The American Coordinating Council of Norway (ACCN, http://accn.no/#sthash.Ex6JoZol.dpbs) sponsors an American Independence Day celebration each year in Oslo’s Frogner Park. This year was the 30th annual such celebration, and my husband and I were there to check it out on July 4th. The celebration last for about five hours, enough time to enjoy the festivities, eat some food, listen to music, and check out the different exhibitions. We’ve been there once before, about fifteen years ago, together with my American friend Liza and her daughter Inger. At that time, we walked around, checking out the different exhibits and stands, but opted for grilling our own hotdogs and hamburgers rather than buying any food at the different food stands. This year, we bought some great burgers at one of the burger stands advertising chili burgers and Santa Fe burgers; they were excellent. There were long lines for most of the food stands—burgers, barbecued ribs, chili dogs, pancakes and the like. Ben & Jerry’s was there as well, as was The Nighthawk Diner (Oslo’s American-style diner that I wrote a post about back in June 2010). There were also two really good bands that played during the afternoon—Moving Day and Project BrundleFly. We also checked out the Classic American Cars exhibition; there were some incredibly beautiful classic cars that both my husband and I enjoyed looking at (Jean, check out the black Trans Am). I took a lot of photos and am including some of them here. A cheerleading exhibition by the Viqueens, as well as a watermelon eating contest, pony riding for the kids, and several raffles, were also on the agenda for the day. In other words, there was plenty to do, see and eat—something for everyone. I have to admit that when I first attended this celebration fifteen years ago, I had a different feeling about it then than I do now. At that time, I took my American heritage more for granted and was perhaps a bit blasé about it all. Now, there is a much more visceral response to what I value and love about being American, and I was very in tune with most of what was going on around me. I wonder if that has to do with my getting older (am I getting more nostalgic for all things American), or if I simply appreciate my country more, for all the little things that are part of my culture, that make life enjoyable and fun. Whatever the reason, I find that such experiences remind me of some of the enjoyable times in my childhood—when my family would attend the July 4th fireworks celebration in Tarrytown. We would get to the Washington Irving junior high school bleachers early in the evening in order to get seats and listen to the band play all the patriotic marches until it got dark enough for the fireworks to begin.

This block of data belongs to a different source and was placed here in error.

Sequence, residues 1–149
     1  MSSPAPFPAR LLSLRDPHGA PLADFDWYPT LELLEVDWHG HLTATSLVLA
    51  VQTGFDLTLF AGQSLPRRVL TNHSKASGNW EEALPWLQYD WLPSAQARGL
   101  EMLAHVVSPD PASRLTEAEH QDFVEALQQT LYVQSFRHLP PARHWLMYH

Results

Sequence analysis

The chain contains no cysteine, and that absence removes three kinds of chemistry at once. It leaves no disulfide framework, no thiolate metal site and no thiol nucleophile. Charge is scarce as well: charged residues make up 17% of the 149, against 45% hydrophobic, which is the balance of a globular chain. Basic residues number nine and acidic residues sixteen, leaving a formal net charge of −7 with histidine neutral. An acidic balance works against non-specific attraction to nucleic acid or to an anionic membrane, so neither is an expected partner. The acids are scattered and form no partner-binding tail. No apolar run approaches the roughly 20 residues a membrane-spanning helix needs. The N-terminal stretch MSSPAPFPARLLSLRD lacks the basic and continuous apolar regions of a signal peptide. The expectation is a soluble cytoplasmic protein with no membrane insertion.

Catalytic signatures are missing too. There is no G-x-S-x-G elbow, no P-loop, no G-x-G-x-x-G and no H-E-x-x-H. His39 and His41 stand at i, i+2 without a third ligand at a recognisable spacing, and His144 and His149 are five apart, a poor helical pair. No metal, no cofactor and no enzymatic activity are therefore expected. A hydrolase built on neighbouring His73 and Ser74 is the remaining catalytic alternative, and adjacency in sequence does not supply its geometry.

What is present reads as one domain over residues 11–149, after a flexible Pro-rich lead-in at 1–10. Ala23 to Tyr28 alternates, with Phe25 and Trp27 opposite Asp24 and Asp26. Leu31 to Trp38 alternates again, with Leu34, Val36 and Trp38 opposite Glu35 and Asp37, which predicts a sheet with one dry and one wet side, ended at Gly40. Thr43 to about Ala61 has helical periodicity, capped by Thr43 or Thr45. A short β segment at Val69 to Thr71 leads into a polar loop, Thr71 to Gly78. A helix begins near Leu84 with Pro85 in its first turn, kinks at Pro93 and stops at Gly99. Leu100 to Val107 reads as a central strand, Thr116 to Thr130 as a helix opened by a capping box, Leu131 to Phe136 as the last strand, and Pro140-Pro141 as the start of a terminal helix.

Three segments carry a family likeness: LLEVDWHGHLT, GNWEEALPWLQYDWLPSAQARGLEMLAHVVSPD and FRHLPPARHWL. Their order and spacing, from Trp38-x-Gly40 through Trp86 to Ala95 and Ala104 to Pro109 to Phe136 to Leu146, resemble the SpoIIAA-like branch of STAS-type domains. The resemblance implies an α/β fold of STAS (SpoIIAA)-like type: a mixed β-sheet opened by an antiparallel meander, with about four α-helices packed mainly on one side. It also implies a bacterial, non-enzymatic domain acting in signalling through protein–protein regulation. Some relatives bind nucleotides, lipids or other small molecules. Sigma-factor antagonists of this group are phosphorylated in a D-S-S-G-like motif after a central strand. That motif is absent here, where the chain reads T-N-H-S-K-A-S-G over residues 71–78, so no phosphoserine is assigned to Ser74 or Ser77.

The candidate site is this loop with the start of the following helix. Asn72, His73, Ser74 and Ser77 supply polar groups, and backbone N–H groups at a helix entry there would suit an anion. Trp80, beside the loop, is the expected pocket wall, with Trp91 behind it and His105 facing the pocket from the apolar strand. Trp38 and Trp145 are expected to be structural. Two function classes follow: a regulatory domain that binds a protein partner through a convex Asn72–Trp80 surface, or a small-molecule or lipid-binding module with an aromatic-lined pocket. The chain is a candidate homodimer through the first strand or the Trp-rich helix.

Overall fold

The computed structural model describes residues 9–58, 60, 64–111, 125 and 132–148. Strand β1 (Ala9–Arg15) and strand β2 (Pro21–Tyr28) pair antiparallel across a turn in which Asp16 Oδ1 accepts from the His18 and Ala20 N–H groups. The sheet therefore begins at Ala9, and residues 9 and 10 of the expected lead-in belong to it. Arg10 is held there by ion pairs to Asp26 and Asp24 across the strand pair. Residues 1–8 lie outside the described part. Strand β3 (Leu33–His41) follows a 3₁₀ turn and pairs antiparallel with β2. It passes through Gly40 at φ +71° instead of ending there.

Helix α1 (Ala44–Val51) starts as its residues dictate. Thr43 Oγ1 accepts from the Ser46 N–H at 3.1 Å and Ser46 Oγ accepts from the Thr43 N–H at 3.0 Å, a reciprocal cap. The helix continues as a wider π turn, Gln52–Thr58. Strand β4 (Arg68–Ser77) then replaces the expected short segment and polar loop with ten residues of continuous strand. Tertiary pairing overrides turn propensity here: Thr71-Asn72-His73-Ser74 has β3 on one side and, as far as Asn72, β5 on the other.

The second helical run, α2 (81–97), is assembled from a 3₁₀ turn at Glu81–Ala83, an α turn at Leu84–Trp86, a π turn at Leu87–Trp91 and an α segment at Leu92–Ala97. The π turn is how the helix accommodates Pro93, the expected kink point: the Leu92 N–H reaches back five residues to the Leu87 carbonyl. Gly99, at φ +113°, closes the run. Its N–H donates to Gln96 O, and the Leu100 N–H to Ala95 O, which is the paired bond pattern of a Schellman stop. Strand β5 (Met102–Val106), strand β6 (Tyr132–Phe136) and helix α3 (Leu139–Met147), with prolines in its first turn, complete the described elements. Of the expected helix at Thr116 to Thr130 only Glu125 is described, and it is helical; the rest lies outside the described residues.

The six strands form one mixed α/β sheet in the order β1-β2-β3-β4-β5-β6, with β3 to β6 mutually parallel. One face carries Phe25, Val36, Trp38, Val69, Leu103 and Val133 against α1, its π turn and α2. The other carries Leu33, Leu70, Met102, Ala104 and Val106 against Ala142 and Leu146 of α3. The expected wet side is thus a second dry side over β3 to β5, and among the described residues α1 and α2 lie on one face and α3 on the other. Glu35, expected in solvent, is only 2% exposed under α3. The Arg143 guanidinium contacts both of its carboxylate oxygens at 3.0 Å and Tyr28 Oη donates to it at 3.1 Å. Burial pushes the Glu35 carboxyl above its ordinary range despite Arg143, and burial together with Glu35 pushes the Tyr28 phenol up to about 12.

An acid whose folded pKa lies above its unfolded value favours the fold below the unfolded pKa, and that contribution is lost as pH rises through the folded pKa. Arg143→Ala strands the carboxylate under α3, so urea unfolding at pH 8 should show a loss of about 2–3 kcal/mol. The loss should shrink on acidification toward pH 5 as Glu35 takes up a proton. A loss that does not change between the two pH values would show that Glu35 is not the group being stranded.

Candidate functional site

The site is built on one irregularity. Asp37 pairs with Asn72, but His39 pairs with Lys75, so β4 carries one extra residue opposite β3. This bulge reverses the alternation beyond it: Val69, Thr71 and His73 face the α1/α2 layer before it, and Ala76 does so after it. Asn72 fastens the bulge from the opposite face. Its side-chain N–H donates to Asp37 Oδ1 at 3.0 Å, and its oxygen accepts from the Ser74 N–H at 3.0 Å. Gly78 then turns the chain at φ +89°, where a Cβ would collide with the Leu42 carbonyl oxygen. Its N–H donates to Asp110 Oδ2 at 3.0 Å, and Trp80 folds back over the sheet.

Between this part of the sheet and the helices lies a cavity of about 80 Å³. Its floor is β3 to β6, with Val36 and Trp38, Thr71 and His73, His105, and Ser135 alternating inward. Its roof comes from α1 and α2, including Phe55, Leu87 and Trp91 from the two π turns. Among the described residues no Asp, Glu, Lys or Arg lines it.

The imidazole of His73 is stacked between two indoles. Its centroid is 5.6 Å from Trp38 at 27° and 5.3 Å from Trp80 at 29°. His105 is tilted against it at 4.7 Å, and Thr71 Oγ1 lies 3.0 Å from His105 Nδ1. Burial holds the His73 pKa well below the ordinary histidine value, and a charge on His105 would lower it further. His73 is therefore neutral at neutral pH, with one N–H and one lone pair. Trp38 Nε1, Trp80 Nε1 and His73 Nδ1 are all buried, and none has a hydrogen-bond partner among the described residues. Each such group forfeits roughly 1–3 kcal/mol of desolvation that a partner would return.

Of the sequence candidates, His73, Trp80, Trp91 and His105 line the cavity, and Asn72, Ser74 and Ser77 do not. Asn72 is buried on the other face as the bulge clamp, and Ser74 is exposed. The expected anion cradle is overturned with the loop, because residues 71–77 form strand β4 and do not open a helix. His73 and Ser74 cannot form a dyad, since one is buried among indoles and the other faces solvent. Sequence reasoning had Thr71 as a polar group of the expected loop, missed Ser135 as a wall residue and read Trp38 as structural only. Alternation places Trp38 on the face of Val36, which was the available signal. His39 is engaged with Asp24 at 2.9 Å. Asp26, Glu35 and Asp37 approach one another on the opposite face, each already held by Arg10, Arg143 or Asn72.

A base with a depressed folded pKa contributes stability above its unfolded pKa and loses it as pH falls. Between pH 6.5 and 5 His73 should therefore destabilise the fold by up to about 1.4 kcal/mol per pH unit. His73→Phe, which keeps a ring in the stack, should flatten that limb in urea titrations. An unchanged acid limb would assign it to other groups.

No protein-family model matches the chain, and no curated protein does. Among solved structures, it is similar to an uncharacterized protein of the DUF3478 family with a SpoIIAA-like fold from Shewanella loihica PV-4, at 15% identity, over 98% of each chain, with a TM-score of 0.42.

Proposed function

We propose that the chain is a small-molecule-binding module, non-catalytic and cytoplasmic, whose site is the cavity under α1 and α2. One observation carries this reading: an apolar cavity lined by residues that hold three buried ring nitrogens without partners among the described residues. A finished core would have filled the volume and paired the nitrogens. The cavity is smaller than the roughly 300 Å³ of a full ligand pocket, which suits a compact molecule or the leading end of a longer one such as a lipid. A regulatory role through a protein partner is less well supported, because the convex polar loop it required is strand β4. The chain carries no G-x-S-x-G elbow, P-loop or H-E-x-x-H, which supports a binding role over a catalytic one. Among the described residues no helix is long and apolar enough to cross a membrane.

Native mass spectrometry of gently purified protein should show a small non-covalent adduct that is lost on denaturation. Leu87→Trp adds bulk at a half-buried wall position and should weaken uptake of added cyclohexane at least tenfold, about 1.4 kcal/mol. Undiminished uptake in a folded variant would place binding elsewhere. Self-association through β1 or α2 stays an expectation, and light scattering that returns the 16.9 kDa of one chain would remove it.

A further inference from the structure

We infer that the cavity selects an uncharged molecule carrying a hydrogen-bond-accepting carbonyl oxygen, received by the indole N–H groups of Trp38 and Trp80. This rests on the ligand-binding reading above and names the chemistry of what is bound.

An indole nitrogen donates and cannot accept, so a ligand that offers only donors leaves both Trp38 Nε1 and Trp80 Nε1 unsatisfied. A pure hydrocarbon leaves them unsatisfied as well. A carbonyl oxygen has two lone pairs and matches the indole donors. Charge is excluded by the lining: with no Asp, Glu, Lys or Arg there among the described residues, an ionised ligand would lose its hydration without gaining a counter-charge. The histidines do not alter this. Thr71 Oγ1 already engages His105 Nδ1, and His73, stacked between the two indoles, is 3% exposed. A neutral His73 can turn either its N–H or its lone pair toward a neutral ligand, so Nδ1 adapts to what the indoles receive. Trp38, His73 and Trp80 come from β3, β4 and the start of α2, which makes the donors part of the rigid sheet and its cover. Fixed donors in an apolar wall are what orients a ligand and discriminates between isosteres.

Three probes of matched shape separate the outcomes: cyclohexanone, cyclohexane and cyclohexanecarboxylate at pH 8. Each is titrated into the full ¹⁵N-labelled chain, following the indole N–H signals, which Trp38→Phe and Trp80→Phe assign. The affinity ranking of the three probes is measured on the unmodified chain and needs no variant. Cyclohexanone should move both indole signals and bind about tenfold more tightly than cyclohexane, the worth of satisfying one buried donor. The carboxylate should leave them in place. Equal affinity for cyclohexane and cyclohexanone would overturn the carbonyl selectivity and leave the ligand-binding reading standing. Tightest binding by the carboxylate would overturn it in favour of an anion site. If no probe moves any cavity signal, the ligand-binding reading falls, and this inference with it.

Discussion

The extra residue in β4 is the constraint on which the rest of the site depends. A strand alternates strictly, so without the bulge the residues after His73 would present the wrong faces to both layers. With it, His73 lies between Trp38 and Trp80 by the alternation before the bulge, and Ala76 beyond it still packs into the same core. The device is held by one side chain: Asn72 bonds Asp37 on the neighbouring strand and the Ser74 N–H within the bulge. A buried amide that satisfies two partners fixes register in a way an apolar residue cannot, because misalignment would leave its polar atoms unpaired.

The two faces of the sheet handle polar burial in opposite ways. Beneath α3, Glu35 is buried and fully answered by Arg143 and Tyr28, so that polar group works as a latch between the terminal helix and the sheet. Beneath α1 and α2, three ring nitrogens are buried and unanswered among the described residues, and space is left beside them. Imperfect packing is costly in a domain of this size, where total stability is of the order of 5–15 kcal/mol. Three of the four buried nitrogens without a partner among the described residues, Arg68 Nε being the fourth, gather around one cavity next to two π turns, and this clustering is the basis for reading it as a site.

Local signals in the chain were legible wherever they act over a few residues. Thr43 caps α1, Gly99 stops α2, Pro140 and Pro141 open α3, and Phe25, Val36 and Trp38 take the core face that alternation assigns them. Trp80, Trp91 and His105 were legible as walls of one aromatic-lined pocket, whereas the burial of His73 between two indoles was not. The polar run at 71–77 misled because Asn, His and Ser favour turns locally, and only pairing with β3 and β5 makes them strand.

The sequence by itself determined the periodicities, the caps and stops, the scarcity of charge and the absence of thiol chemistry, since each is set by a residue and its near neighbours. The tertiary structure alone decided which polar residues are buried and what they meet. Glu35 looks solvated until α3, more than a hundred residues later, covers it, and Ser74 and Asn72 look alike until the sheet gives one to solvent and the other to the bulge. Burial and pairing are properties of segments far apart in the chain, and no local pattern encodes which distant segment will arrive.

I really enjoyed being in Frogner Park this year; it was a gorgeous day in Oslo—sunny and warm—and it was just pleasant to sit on the grass, listening to music and watching the people mill about. The only thing I missed was fireworks, but that would be difficult to offer, since it would mean hanging around until 11pm or so (about the time it starts to get dark in Oslo during the summer months). Check out the photos below, and you’ll get an idea of what a lovely day it was and of how many people attended the celebration. And of course, how gorgeous some of the classic American cars really are. I fell in love with one of them—Chrysler’s The New Yorker. Is that so surprising?
|Chrysler's The New Yorker|